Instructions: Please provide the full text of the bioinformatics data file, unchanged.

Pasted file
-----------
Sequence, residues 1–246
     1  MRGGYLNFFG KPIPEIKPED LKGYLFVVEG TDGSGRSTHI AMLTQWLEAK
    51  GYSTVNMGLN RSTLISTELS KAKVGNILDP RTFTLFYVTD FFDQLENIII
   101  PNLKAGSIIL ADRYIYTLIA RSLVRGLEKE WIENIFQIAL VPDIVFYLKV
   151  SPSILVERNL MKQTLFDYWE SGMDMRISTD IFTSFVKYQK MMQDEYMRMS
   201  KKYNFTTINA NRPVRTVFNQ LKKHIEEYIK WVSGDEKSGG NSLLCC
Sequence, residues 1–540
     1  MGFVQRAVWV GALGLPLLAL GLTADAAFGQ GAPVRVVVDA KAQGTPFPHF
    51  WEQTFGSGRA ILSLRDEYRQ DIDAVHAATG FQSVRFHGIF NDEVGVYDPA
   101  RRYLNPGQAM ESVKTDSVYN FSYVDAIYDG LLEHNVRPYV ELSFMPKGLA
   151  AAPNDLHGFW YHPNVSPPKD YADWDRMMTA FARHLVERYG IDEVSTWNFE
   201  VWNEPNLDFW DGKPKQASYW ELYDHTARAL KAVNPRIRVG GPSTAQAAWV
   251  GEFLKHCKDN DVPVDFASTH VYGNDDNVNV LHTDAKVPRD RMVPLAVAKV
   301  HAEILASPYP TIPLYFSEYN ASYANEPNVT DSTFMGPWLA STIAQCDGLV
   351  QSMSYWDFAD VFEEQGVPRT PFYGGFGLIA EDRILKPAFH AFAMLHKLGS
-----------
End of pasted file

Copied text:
Sequence, residues 1–246
     1  MRGGYLNFFG KPIPEIKPED LKGYLFVVEG TDGSGRSTHI AMLTQWLEAK
    51  GYSTVNMGLN RSTLISTELS KAKVGNILDP RTFTLFYVTD FFDQLENIII
   101  PNLKAGSIIL ADRYIYTLIA RSLVRGLEKE WIENIFQIAL VPDIVFYLKV
   151  SPSILVERNL MKQTLFDYWE SGMDMRISTD IFTSFVKYQK MMQDEYMRMS
   201  KKYNFTTINA NRPVRTVFNQ LKKHIEEYIK WVSGDEKSGG NSLLCC
Sequence, residues 1–540
     1  MGFVQRAVWV GALGLPLLAL GLTADAAFGQ GAPVRVVVDA KAQGTPFPHF
    51  WEQTFGSGRA ILSLRDEYRQ DIDAVHAATG FQSVRFHGIF NDEVGVYDPA
   101  RRYLNPGQAM ESVKTDSVYN FSYVDAIYDG LLEHNVRPYV ELSFMPKGLA
   151  AAPNDLHGFW YHPNVSPPKD YADWDRMMTA FARHLVERYG IDEVSTWNFE
   201  VWNEPNLDFW DGKPKQASYW ELYDHTARAL KAVNPRIRVG GPSTAQAAWV
   251  GEFLKHCKDN DVPVDFASTH VYGNDDNVNV LHTDAKVPRD RMVPLAVAKV
   301  HAEILASPYP TIPLYFSEYN ASYANEPNVT DSTFMGPWLA STIAQCDGLV
   351  QSMSYWDFAD VFEEQGVPRT PFYGGFGLIA EDRILKPAFH AFAMLHKLGS